Driver Monitoring: From Essential Safety to Passenger Wellness

Driver Monitoring: Key Factors and Needs for Passengers and Commercial Vehicles

Connectivity features such as navigation and hands-free calling have enhanced the in-vehicle experience for drivers. However, these features have also become a key source/enabler for lack of focus in drivers. Key sources of distraction are using cell phones (calling, texting, and others); using connected vehicle features, such as navigation and infotainment; handling kids/pets; applying makeup; zoning out.

The use of cell phones to talk or text while driving is the most common reasons for distracted driving accidents. In fact, in the US, the National Safety Council estimates that 26% of all car crashes involve cell phones. As connected features get integrated into vehicles, they increase the level of distraction by integrating/connecting with a lot of other services available through phones.

Further, as level 2 & 3 autonomous vehicles penetrate masses, they also bring a few challenges, listed below:

  • The sudden and unexpected handover of dynamic driving task to the human driver;
  • The driver’s ability to immediately assume control; and,
  • Issues with driver misconception on vehicle’s automated driving capabilities (e.g., using a Level 2 system as a Level 3+ system)

These challenges would create major problems in public/driver safety.

The need for driver monitoring is arising not only in the passenger vehicle segment but also in the commercial vehicle segment, wherein challenges are enormous. Apart from all of the above-mentioned challenges, drivers are also working long hours, many a time more than what is recommended or stipulated. In these cases, driver fatigue & drowsiness is the primary cause of accidents. There have been rules and logbooks to monitor working hours; however, they have not been the perfect solution to control the number of vehicle accidents caused due to driver fatigue. Drivers are also known to not willingly comply with the strict guidelines/rules to meet deadlines and remain competitive.

Driver drowsiness, distraction, intoxication, aggravated state of mind, etc., have been a major safety issue worldwide, and systems to monitor driver behavior are becoming a priority for vehicles built in the near future.

Illustrative Image of Driver Monitoring Systems. Image Credit: Bosch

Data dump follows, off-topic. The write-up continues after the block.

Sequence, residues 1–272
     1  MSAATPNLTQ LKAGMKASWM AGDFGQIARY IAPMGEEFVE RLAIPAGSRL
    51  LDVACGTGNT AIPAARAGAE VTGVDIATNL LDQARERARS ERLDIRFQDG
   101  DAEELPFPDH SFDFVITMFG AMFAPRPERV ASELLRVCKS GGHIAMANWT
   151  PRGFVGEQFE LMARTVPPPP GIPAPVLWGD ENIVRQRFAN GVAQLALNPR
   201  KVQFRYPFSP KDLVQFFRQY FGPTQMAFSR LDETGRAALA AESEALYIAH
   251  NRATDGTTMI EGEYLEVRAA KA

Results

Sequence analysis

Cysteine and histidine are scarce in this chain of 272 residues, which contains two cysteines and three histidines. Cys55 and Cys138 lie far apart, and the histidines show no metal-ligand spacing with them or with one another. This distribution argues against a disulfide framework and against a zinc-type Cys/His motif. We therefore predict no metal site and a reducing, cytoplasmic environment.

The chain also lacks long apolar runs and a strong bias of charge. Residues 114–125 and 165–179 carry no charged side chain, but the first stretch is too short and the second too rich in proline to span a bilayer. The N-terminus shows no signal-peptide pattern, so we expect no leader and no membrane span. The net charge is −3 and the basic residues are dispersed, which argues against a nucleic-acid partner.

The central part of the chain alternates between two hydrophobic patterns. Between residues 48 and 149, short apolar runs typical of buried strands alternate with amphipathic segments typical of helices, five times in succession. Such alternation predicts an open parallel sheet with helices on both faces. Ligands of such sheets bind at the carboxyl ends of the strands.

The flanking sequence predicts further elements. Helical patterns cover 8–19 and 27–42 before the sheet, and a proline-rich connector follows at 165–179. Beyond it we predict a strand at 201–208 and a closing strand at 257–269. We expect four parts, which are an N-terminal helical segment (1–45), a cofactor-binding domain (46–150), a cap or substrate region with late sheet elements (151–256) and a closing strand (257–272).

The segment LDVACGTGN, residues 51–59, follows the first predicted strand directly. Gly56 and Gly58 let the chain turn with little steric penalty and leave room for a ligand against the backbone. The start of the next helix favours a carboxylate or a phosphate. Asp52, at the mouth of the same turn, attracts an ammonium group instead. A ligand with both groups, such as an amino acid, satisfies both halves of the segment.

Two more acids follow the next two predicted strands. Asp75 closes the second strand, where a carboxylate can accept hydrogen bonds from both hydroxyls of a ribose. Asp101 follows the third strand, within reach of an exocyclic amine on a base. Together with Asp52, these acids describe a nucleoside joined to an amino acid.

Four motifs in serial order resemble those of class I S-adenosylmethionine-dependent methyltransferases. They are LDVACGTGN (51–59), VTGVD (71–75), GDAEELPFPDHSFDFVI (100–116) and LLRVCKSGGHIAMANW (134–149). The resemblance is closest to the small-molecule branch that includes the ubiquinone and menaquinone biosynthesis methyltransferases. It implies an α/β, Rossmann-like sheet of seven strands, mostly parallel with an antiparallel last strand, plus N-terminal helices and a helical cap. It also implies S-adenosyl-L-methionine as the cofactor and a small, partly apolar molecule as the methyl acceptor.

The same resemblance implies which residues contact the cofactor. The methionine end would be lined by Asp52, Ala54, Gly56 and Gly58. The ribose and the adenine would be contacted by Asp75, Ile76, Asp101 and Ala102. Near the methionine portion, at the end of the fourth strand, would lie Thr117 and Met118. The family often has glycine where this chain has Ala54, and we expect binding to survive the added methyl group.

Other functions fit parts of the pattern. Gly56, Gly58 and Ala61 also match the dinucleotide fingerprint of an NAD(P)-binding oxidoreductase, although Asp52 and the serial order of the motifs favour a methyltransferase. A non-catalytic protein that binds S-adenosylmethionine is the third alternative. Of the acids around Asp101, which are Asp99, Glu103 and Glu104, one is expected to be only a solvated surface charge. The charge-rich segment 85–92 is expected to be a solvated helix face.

Regulators and Policy Makers Opting for Driver Monitoring

A majority of fatal accidents have been attributed to mistakes made by drivers. This can include distraction or unsuitable state of mind and body (drowsiness, fatigue, intoxication, road rage, etc.).

As technologies are available to determine the driver’s state of mind, regulators across the globe are propelling to implement such technologies, so as to improve public safety. Regulations and guidelines are primarily focused on monitoring fatigue, distraction, and intoxication.

Another example of driver monitoring systems is Advanced Driver Assistance Systems (ADAS) or L2/3 capable vehicles, where drivers are expected to pay attention and be ready to assume control if/when needed. Most of the time drivers are unaware of the exact capability of the ADAS system, which might emerge from how they are named/marketed, e.g., Autopilot, ProPILOT, etc., which could hinder enhanced safety of the driver and passenger.

In addition, with technological advancements in automobiles, advanced vehicles seem to take care of several difficult situations. This, in turn, offers confidence to the driver that the vehicle is highly capable of preventing accidents. However, this is not the ideal case, and human intervention is required in many instances. Driver monitoring for distraction becomes vital to ensure that these technologies are not abused.

  • 25 million people killed worldwide annually in road accidents – World Health Organization
  • 40% of all US trucking accidents caused by operator fatigue – National Highway Traffic Safety Administration
  • 5% of all US car accidents are caused by drowsiness – AAA Second Strategic Highway Research Program Naturalistic Driving Study
  • 15% of all US injury crashes involve distraction – NHTSA
  • 7% of all US drivers involved in fatal crashes were distracted – NHTSA